The Gharraf Canal, Shaṭṭ al-Ḥayy (Arabic: شط الحي), also known as Shaṭṭ al-Gharrāf (Arabic: شط الغرّاف) or the Hai river, is an ancient canal
Canals are man-made channels for water. There are two types of canal:#Waterways: navigable transportation canals used for carrying ships and boats shipping goods and conveying people, further subdivided into two kinds:...
that connects Tigris
The Tigris River is the eastern member of the two great rivers that define Mesopotamia, the other being the Euphrates. The river flows south from the mountains of southeastern Turkey through Iraq.-Geography:...
The Euphrates is the longest and one of the most historically important rivers of Western Asia. Together with the Tigris, it is one of the two defining rivers of Mesopotamia...
Iraq ; officially the Republic of Iraq is a country in Western Asia spanning most of the northwestern end of the Zagros mountain range, the eastern part of the Syrian Desert and the northern part of the Arabian Desert....
. As an Ottoman
Military of the Ottoman Empire
The history of military of the Ottoman Empire can be divided in five main periods. The foundation era covers the years between 1300 and 1453 , the classical period covers the years between 1451 and 1606 , the reformation period covers the years between 1606 and 1826 ,...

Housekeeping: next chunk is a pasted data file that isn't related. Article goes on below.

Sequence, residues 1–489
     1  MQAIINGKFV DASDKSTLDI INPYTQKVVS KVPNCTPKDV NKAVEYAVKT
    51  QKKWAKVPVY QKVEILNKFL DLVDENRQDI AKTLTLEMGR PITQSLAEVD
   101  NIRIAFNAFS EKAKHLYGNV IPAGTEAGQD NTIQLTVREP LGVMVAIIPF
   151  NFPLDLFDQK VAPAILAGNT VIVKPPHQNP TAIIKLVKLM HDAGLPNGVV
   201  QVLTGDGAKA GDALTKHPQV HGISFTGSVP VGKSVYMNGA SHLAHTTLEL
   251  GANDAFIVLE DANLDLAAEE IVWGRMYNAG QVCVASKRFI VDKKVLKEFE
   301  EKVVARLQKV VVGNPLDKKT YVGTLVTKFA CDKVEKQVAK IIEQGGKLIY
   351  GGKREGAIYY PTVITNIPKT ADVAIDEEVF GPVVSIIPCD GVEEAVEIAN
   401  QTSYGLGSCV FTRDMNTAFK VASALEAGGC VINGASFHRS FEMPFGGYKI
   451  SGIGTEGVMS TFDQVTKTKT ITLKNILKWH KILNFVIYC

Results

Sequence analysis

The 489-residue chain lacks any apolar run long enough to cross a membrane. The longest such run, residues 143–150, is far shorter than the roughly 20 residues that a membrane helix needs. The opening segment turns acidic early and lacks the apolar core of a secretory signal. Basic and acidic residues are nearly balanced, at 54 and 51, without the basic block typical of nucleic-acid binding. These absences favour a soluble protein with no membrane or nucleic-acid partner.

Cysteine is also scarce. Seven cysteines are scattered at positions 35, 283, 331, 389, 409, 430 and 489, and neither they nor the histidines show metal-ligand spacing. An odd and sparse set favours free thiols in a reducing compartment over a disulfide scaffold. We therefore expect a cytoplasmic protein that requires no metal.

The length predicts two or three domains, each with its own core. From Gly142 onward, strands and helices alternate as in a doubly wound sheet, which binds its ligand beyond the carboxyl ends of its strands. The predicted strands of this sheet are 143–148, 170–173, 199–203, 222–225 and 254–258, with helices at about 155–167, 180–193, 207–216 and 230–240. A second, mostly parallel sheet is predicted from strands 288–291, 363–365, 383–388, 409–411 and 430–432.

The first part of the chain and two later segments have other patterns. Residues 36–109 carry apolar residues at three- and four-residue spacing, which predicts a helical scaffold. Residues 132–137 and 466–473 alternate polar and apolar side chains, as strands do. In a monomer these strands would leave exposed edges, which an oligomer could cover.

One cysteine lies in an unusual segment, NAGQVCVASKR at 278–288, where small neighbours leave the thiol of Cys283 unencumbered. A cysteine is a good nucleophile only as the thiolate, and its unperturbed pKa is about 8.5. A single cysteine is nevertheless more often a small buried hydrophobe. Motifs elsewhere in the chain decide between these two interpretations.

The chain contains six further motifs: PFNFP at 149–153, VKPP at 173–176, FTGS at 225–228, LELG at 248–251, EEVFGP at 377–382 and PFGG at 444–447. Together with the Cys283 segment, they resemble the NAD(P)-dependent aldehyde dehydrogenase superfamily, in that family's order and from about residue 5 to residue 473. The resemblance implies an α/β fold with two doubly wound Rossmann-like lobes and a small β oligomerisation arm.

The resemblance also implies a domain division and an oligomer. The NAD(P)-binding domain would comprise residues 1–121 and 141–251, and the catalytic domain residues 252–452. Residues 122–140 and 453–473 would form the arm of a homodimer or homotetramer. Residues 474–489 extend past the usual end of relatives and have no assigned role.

defensive line lay along the canal, it was a theater to intense military action during First World War; e.g. the siege of Kut
Siege of Kut
The siege of Kut Al Amara , was the besieging of 8,000 strong British-Indian garrison in the town of Kut, 100 miles south of Baghdad, by the Ottoman Army. Its known also as 1st Battle of Kut. In 1915, its population was around 6,500...
. Between 1934 and 1939, the Kut Barrage
The Kut Barrage is a barrage on the Tigris river, located in the modern town of Kut in Wasit Governorate, Iraq. It is long, high and consists of 56 gates, each wide. The maximum discharge of the barrage is , but actual discharge has not exceeded in the last 10 years. The barrage supports a road...
was constructed in the Tigris to control the water level of the river and to provide a constant inflow of water into the Shatt al-Hayy.